We wouldn’t have all the problems with this system if teachers had been consulted before the system was put into place.

You can tell someone who has never worked as a teacher come up with that great idea. If people only knew what a teacher really has to do, they wouldn’t believe it. I know I can’t.

Great article Sue! If we can just get them to listen…

Are you listening yet?

Another teacher points out that the evaluation system is all stick no carrot.

Somewhere someone came up with the idea that society’s woes can be attributed to poor teaching. Consequently, all teachers now need to be evaluated by a new system that is supposed to weed out the ‘bad teachers’ and “reward the good ones.” Of course, no model for rewards has been forthcoming.

The evaluation system is driving good teachers away from teaching.

I can see a lot of teachers walking away from a job they use to love and I can’t blame them!!! That is ridiculous!!

People just don’t understand what teachers have to go through to make the grade…

I want to thank you from the bottom of my heart for writing the articles about what teachers & administrators must go through to ‘make the grade’ in the school system with your truthful articles. As I am an elementary school teacher myself, I can (and my co-workers as well) completely identify with what you’ve so bravely written about what we must go through each and every week (and day) in order to “make the grade” in the school system.

This is ridiculous! Instead of spending family time on the weekends (or for any other event for that matter), I must make my meticulous lesson plans to turn in each week to my administrators. Most times, they don’t have time to even look at them because they are evaluating other teachers! None the less, we must have them either turned in or on our desk for review.

I’m so glad that someone is telling the community what educators must go through in order to be declared ‘rock solid teachers.’ Thank you for the revealing articles. Teachers and administrators will NEVER earn what we’re all really worth! At our school, we make sure to cut out your articles and place them so that everyone (mostly faculty, because we aren’t allowed to put them in the hallways- LOL) can view them and feel proud that at least there’s someone like you to tell it like it is in our school system today!

I worked hard for 5 long years (1st year part-time to see to my son) in college, after 20 years of being out of high school, to become what I feel I was called to be–a teacher. I graduated Summa Cum Laude. Now I’m left feeling like, “What did I get myself into?”. Before long, there may be a BIG shortage of teachers due to this crazy evaluation system! I pray that things will change by next school year, but I’m not very optimistic.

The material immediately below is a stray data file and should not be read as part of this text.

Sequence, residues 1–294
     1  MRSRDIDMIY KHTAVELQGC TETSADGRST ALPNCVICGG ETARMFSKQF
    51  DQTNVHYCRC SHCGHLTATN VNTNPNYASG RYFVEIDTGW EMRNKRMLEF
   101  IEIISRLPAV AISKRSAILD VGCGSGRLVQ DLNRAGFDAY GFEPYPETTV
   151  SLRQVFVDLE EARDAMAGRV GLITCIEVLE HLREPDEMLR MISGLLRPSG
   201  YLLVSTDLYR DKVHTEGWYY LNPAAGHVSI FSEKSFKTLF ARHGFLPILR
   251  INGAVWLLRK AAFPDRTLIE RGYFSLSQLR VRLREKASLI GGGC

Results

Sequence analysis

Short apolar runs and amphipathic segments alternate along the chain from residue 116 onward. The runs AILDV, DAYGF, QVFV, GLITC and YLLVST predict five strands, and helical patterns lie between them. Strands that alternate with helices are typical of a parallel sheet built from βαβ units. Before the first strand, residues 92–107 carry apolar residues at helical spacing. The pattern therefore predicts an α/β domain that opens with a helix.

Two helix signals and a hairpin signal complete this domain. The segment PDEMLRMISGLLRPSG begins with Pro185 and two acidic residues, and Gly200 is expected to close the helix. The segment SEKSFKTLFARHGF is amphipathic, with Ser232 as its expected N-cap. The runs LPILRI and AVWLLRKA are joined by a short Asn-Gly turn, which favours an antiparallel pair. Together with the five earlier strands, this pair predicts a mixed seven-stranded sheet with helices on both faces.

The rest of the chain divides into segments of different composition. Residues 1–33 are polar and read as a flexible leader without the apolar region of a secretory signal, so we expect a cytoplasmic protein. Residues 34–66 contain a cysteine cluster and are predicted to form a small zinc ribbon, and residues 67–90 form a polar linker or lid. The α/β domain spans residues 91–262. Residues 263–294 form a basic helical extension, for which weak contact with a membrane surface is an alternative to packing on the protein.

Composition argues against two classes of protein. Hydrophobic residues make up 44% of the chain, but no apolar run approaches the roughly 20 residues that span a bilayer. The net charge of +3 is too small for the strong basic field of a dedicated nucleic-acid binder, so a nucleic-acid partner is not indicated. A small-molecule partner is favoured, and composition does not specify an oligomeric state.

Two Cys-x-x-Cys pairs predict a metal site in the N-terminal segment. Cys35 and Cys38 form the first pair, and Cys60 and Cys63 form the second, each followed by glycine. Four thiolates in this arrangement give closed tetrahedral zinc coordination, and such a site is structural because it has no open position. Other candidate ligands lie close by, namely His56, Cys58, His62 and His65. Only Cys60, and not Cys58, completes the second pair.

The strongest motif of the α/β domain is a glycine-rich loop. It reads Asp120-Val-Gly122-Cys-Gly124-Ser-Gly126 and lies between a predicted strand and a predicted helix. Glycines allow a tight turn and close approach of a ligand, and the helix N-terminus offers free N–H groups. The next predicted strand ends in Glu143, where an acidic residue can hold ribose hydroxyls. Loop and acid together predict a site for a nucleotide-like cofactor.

God bless you for telling it like it is!

Criticism of TVAAS

One person posted that I didn’t know what I was talking about on TVAAS (although what I wrote came right off the Tennessee Department of Education website!) Here are some responses to that jab:

Comparing Apples to Oranges:

Sorry, bapman. (1)You shouldn’t be speaking to TVAAS either. The writer is correct. The proven system you refer to is a bought and paid for system that is advertised to measure student growth from year to year… that is called longitudinal growth. The fact is, the subject material the students are required to learn is not the same year to year. So the system compares apples to oranges. If we were comparing a piano student’s growth from year to year we are looking at apples to apples. In schools, take 6th, 7th and 8th grade Social Studies for an example. 6th grade is World History, 7th grade is World Geography, and 8th grade is World History. Since you are such an acolyte of Dr. Sanders, please explain the correlation between any of the three subjects listed above. Back to the piano analogy, it is like learning piano one year, cooking the next and calculating a number that indicates the growth of that learner based on those two very different subjects that share few common ski!

(2) I appreciate your honesty on the matter of the paperwork and time… they are at the least as the writer describes, you should admit you really only know what you’ve read about the TVAAS system and that is the sales pitch. In practice, for education in particular, it is an entirely different creature not well suited for how it is being used. Regards…

TVAAS as junk science

TVAAS is, as Harvard University dubbed it, junk science. There is no standard measure of error for major life changes that so many students undergo… or hormones.. or coming into driving age and freedom for that matter.

Smart students inadvertently penalize great teachers

While there is no system of measures that is 100% perfect, there is at least one major flaw in the TVAAS system; how it measures teachers against very high achieving students scores. Take for example a teacher who teachers CLUE or honors classes at the junior high/middle school level. If students come into his/her classroom testing in the 95-97 percent range on their TCAP tests from the previous year(s), that teacher has a very difficult task of moving students where there is practically no room to move. Even though that teacher is well above state/system averages, he is scored accordingly by TVAAS as an ineffective teacher.